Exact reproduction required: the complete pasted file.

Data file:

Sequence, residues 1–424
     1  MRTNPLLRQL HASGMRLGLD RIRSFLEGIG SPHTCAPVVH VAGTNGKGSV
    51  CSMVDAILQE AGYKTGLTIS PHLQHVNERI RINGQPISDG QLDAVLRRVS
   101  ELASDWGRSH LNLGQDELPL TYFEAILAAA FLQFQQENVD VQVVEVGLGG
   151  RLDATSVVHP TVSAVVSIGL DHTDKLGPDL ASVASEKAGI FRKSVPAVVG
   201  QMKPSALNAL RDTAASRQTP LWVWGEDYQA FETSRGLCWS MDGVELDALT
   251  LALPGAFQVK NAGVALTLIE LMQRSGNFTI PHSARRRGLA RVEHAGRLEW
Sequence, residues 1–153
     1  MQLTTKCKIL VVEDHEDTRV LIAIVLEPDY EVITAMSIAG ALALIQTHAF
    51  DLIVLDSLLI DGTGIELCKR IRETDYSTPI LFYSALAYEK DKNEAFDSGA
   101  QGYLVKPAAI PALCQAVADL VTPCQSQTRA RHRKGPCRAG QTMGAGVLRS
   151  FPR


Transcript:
Sequence, residues 1–424
     1  MRTNPLLRQL HASGMRLGLD RIRSFLEGIG SPHTCAPVVH VAGTNGKGSV
    51  CSMVDAILQE AGYKTGLTIS PHLQHVNERI RINGQPISDG QLDAVLRRVS
   101  ELASDWGRSH LNLGQDELPL TYFEAILAAA FLQFQQENVD VQVVEVGLGG
   151  RLDATSVVHP TVSAVVSIGL DHTDKLGPDL ASVASEKAGI FRKSVPAVVG
   201  QMKPSALNAL RDTAASRQTP LWVWGEDYQA FETSRGLCWS MDGVELDALT
   251  LALPGAFQVK NAGVALTLIE LMQRSGNFTI PHSARRRGLA RVEHAGRLEW
Sequence, residues 1–153
     1  MQLTTKCKIL VVEDHEDTRV LIAIVLEPDY EVITAMSIAG ALALIQTHAF
    51  DLIVLDSLLI DGTGIELCKR IRETDYSTPI LFYSALAYEK DKNEAFDSGA
   101  QGYLVKPAAI PALCQAVADL VTPCQSQTRA RHRKGPCRAG QTMGAGVLRS
   151  FPR